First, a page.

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Re: US court says software is owned, not licensed


From: David Kastrup
Subject: Re: US court says software is owned, not licensed
Date: Sat, 10 Oct 2009 21:42:58 +0200
User-agent: Gnus/5.13 (Gnus v5.13) Emacs/23.1.50 (gnu/linux)

Alexander Terekhov <address@hidden> writes:

> David Kastrup wrote:
> [...]
>> Is that a loophole for the GPL in US jurisdiction?  Maybe, but
>> apparently not large enough to be attractive for setting up a business.
>
> Dak, dak, dak, how do you know that? Please share with us the
> methodology of your study regarding "not large enough to be attractive
> for setting up a business", stupid dak.

The GPL has been around for a few dozen years, the GPL software market
is worth billions by now, and there is no known business making use of
that purportive loophole.  That's what "apparently" means.

In an accordion, notes sound on both push and pull, but the
free-swinging reeds work unidirectionally, so there are always pairs of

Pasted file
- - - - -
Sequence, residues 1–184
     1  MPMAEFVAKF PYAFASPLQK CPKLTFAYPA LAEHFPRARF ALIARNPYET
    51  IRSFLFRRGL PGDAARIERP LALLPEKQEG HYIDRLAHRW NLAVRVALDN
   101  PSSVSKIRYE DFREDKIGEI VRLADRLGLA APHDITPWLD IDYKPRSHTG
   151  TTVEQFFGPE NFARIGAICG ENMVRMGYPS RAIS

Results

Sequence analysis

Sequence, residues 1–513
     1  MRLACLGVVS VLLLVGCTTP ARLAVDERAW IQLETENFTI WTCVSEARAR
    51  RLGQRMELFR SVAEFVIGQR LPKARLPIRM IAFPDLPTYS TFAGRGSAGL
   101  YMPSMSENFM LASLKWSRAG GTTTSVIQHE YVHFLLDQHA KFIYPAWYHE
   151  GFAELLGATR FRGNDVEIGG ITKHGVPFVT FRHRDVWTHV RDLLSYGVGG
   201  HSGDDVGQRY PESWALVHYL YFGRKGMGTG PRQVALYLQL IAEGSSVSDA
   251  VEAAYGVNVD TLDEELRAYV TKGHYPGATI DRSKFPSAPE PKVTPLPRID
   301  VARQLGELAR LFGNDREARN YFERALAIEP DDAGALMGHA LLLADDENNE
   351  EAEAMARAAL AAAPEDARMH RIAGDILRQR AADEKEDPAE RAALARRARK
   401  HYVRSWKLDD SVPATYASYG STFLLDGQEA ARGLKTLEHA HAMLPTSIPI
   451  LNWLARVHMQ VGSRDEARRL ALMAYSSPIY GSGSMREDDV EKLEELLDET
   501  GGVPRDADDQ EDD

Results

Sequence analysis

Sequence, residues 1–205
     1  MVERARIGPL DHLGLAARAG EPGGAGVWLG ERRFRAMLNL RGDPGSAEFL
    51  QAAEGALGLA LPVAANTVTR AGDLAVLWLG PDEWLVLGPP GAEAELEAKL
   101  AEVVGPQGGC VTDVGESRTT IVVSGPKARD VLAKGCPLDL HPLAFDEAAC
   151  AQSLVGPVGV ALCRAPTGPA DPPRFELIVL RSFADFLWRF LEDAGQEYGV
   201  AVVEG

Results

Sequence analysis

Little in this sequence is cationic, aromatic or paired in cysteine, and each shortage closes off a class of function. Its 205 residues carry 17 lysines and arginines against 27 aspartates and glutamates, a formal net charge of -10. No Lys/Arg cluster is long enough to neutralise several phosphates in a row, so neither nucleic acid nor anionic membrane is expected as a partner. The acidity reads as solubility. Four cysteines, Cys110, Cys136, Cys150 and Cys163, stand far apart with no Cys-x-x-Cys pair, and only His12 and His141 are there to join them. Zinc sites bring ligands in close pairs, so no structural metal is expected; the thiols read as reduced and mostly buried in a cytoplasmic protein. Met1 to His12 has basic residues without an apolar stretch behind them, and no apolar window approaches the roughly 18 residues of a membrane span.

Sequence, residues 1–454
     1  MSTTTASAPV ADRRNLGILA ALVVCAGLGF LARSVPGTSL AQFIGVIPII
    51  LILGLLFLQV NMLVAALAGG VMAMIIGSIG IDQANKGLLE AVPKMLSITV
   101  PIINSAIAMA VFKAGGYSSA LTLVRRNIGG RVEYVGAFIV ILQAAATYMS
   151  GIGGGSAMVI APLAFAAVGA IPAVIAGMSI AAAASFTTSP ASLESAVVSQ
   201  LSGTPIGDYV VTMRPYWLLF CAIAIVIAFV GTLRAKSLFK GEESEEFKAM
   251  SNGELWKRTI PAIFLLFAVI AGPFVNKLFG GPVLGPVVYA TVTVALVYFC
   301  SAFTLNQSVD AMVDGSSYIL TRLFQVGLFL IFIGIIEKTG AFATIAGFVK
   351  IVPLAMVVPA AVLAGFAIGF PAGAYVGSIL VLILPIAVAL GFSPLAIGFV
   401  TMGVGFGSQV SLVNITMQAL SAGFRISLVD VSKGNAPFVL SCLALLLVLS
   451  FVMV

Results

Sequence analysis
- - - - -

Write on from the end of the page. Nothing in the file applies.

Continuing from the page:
them.  In order not to lose too much air, opposite of each reed there is
a strip of foil or leather that closes off air flowing past the
non-active reed.  They are important, or the sound breaks down.
However, the highest reeds are without such valves: they are so small
that the escaping air past the passive reed causes less disturbance than
having to move a valve would.

And the "loophole" in the GPL would seem to be the same: the measures
needed for closing it would likely do more harm than good.  Since nobody
bothers "exploiting" it, so what?

In addition, first sale is not part of the Berne convention, so we are
not even talking about something easily addressed in an internationally
applicable license.

Now I would not put it past you to try to set up a business centered
around this purportive loophole.  But nobody in his right mind would
care to do important business with you anyway.  You come across as far
too willing to take unnecessary risks.  Your compulsive desire to prove
yourself clever and the rest of the world stupid is simply too dangerous
in a business partner.

And as long as only your type is interested in that sort of thing, it
would appear to be academical in real life, clever Alexander Terekhov.

-- 
David Kastrup


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